Years ago I trained as an Army photographer and became fascinated with the equipment, starting out with the standard issue 4 by 5 press camera and soon stepping up to the amazing new 35mm roll film camera that was all the rage in the early 70’s. I’ve gone through many cameras since that old Mamiya-Sekor and haven’t liked them nearly as much. Picture quality dropped considerably with digital technology and pinhole camera lenses, although most people don’t notice that extra level of distortion.
Some solutions I tried over the years included a second-hand Minolta single-reflex SLR which totally made me happy on my backpacking trips until I slipped on a log crossing and lit fifteen feet down on the boulder-strewn stream bed. Lucky for me I landed on my backpack, but unluckily for the Minolta it was tucked inside. It was never the same after that, and a later replacement with another secondhand Minolta only brought more problems due to aging internal circuitry. Time change and eventually we must change with them.
I thought I was getting a good deal back in the 90’s when I bought a lightweight SLR in the Minolta style, on sale just as the industry shifted to low resolution digital cameras on the consumer price level, but the plastic lens didn’t come up to my standards. A succession of improved 35mm film cameras followed, some of which worked fairly well. I have quite a collection stored away, along with early digital cameras that won my heart easily since in spite of low picture quality you just can’t go back to roll film after the ease of working with unlimited digital media.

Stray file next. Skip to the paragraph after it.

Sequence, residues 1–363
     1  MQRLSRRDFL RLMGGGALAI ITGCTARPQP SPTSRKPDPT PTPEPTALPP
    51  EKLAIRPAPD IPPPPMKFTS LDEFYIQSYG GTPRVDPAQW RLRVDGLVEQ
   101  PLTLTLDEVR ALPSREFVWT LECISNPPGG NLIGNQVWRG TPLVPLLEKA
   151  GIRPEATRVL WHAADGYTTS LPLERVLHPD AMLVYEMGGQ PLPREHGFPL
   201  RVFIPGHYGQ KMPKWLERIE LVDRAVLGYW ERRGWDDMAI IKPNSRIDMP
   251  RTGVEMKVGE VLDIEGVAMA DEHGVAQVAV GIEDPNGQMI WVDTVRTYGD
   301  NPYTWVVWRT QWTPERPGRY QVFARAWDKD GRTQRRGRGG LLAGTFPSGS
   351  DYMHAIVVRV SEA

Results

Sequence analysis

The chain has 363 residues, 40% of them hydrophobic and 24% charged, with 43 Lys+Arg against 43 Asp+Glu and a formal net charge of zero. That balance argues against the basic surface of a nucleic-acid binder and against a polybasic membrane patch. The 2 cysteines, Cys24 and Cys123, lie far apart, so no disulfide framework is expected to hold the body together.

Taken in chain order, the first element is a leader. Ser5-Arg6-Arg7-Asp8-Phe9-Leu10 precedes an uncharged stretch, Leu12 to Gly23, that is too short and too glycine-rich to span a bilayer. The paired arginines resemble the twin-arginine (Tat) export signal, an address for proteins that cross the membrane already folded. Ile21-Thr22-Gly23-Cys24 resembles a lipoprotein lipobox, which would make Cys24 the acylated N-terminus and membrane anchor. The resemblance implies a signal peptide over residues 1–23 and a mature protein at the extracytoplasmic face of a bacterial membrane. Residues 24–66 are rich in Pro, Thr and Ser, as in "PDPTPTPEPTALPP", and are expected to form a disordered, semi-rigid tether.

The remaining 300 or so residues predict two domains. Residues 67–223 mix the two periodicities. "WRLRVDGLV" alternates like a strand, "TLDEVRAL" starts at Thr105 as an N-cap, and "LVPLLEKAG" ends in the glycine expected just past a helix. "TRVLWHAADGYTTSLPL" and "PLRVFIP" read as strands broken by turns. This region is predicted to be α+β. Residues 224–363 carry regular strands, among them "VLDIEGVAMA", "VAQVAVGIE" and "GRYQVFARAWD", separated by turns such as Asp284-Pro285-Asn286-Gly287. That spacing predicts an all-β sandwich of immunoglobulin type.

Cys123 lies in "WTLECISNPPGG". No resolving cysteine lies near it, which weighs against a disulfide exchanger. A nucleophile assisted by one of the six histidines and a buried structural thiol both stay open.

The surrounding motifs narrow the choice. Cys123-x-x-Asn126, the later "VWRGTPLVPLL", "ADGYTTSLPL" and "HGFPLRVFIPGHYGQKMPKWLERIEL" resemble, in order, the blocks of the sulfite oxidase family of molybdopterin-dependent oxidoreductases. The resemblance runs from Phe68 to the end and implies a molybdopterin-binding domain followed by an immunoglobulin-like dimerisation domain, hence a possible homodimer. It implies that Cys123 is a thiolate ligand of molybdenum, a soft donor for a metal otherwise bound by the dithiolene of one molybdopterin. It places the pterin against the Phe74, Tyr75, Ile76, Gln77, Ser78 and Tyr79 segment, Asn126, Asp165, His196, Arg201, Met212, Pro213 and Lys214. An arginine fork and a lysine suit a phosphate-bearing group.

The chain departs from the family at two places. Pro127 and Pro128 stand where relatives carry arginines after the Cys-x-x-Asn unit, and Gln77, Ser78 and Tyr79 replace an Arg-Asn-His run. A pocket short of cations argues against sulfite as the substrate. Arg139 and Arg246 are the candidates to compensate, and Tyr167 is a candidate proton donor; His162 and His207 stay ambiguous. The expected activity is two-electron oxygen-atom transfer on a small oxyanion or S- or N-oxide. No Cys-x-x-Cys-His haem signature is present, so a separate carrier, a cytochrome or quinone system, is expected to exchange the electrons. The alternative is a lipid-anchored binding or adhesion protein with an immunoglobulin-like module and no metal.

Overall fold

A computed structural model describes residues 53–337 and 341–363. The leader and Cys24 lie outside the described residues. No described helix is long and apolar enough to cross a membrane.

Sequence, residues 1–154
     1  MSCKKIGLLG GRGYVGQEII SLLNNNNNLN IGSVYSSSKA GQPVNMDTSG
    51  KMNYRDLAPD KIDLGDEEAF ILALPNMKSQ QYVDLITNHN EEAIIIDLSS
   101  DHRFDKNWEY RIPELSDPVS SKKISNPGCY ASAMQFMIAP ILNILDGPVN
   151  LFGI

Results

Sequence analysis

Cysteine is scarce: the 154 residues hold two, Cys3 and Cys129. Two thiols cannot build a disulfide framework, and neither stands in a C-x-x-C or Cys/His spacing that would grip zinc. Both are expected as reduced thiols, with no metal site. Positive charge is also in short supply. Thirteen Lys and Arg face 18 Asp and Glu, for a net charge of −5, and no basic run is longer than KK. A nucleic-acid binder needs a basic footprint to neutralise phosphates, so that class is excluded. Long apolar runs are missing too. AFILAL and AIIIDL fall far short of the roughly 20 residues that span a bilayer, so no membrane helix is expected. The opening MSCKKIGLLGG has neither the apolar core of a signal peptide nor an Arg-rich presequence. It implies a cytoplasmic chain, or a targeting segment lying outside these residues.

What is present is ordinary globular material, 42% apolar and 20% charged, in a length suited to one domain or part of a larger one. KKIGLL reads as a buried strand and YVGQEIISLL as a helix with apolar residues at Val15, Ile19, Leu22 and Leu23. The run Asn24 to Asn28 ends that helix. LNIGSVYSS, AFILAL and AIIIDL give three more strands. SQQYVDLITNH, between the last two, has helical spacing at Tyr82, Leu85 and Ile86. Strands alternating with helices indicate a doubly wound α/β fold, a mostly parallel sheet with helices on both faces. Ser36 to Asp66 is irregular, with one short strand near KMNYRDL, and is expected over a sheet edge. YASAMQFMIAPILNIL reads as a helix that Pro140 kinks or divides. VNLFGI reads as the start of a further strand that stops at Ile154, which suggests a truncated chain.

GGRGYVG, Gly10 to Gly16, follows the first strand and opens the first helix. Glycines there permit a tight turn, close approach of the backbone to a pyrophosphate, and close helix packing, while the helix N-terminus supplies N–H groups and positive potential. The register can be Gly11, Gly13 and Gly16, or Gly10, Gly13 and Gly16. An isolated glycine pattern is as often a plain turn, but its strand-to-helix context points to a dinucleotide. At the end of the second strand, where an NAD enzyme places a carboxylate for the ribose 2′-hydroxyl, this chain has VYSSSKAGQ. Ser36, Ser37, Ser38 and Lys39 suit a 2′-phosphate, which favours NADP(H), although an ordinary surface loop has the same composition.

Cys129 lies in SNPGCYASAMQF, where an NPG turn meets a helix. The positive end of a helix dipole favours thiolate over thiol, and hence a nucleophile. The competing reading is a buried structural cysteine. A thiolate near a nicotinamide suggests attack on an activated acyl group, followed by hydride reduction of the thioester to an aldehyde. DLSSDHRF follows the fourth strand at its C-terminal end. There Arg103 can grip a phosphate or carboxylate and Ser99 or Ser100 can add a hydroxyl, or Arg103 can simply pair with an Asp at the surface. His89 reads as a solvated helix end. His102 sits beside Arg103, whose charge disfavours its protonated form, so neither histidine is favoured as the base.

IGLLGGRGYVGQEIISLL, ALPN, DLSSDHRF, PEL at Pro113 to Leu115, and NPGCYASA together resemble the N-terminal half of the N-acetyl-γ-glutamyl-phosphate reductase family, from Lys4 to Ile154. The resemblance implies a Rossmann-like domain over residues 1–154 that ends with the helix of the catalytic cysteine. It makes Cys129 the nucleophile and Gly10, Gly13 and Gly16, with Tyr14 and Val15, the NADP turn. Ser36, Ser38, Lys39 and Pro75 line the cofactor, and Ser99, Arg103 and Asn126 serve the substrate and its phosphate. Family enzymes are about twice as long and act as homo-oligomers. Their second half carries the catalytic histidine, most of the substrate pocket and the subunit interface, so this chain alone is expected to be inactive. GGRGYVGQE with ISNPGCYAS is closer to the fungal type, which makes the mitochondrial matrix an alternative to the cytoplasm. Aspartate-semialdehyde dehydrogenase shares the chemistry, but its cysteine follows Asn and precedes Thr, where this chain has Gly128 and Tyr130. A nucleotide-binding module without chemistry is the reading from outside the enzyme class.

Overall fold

The good digital cameras always remained out of my price range but Alice’s adventurous purchase of an Aiptek video and still camera convinced me to take the plunge myself and get one of my own. I’m extremely satisfied with the quality of the images and amazed at the range of features. The camera is lightweight and compact, and the rechargeable battery has such a long operating lifetime that unless you literally want to film video for hours you won’t run out of camera juice on a hiking trip.
I can use the Aiptek to transfer my old collection of martial arts videos to DVD. It replaces my digital audio recorder with one of its own, again cutting down my pack weight by a few ounces, and has all the features I need including zoom, time-delay triggering, and a built-in flash. It’s simple enough to operate that I actually don’t need to take the manual with me and spend a few minutes deciphering it every time I want to take a picture of the deer that disappeared a few minutes ago. I can push buttons, click through menus, and find my own way without totally messing things up.
Two faults: it’s not waterproof, but I’ve never owned a camera that was; and it doesn’t quite fit my tripod. If I shim a rubber band between the camera base and the tripod mount it works just fine.
For another opinion and some more technical data on the Aiptek camera see Alice’s post about the Aiptek on Free Range Human, and take a look at a backlog of photos taken with it.